Some patients feel that a neoprene knee sleeve makes them more comfortable. But, there is no need for any bulky, expensive ligament injury sports brace. Some patients find that NSAIDs or tylenol will help with the discomfort (it will not take all of the discomfort away). The use of ice before and after activities will usually help.


If the above do not help significantly, then you will need to have the knee examined by an orthopedic surgeon.


Good luck.
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replied November 7th, 2012
Thank you Gaelic. I think it might be due to long term sitting on chair during school hours and then tuition. I have to sit almost 11 hours a day with legs hanging.
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replied November 8th, 2012
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SMahetons,

Even if you cannot stand up, stretch out your legs a few times, at least two or three times an hour. If you notice that your knees are starting to ache, move them.

The only way for the cartilage on the under side of the patella can gets any nutrients is through the synovial fluid (joint fluid). When you sit with your knees flexed, the patella sits against the femur, so on joint fluid can bath the cartilage. So, the cartilage will "dry out" some and get "thirsty". When this happens, it will start to hurt. So, by moving the joint, the joint fluid will move over all of the cartilage surfaces.


When you get a chance, do work on weight training and rebuilding your muscles. It will take a lot of hard work and effort, but it will eventually pay off.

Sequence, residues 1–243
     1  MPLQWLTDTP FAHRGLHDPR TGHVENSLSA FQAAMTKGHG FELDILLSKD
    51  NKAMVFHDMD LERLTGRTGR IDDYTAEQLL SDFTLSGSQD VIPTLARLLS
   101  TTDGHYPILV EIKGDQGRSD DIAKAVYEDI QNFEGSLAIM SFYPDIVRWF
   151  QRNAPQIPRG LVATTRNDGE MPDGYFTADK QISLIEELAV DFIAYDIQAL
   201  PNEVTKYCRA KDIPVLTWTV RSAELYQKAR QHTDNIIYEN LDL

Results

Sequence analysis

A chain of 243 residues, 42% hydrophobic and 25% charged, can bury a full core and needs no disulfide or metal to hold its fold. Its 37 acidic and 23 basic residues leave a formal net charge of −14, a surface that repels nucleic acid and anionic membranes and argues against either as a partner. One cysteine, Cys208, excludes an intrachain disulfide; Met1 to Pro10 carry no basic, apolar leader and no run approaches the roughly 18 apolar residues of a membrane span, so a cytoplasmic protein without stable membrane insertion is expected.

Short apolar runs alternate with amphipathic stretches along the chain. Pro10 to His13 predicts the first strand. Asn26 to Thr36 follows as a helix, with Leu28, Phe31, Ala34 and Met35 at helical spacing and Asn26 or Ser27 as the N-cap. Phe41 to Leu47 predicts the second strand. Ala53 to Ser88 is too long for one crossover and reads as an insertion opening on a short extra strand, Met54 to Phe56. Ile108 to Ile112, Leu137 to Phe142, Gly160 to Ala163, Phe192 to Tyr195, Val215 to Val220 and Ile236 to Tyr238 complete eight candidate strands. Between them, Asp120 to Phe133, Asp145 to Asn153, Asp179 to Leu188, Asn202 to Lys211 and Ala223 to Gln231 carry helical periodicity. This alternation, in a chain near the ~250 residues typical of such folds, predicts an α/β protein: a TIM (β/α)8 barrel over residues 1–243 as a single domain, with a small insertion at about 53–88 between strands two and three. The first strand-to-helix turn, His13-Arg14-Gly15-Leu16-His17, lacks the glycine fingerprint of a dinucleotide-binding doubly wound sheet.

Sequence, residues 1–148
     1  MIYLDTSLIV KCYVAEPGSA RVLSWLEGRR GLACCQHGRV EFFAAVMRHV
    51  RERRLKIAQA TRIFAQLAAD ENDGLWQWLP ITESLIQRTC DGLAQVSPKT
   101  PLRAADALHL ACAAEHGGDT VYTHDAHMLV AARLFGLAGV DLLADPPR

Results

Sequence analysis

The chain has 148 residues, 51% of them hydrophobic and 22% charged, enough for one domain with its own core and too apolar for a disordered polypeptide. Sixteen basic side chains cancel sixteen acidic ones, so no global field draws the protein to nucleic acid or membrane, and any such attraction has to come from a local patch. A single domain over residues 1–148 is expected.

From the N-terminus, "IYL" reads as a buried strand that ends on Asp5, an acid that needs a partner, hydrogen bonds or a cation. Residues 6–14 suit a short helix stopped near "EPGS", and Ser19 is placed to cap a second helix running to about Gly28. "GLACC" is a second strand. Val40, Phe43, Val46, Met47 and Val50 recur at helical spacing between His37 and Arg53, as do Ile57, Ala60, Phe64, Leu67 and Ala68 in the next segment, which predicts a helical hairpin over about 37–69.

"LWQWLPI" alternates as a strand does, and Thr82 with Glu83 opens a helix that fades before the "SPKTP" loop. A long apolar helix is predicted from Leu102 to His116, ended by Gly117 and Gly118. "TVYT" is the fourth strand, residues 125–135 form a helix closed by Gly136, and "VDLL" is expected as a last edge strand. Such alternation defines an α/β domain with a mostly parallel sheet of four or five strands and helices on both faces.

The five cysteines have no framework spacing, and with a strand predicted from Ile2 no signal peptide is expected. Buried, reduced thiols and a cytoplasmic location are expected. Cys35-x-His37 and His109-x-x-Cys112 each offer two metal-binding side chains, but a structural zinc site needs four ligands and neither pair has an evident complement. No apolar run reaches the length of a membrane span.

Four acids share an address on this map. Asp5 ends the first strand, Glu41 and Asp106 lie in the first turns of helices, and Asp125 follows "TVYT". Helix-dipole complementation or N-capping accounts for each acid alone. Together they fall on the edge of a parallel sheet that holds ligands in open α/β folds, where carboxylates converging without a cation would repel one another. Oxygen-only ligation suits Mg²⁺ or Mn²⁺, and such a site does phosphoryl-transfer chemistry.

Good luck. Hope you are feeling better soon.
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replied November 10th, 2012
Gaelic,
thanks for your help. I think the same thing has happened. My cartilages have dried out. Is there any way to treat them?
Thanks again
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replied November 10th, 2012
Especially eHealthy
SMaheton,

Movement is the best way to get the joint fluid moving over the cartilage surfaces.

Unfortunately, there is no really good way to rebuild or even treat cartilage problems. Hyaline cartilage, the glistening white slippery surface on the ends of the bone, which allow the joints to slide easily, does not have any blood vessels in it. It cannot regenerate, which is why it is important to protect what you have.

There are some supplements out there, for "joint health", which have shown some promise in helping with cartilage problems.

These contain the proteins needed by the cartilage: chondroitin sulfate, hyaluronic acid, and glucosamine. There are several preparations available, some come in pill form and other are in a drink. You might get some of these and give them a try. It usually takes a couple of months for them to really work well, so do not give up on them too soon. Some patients have found that they work very well.

Good luck.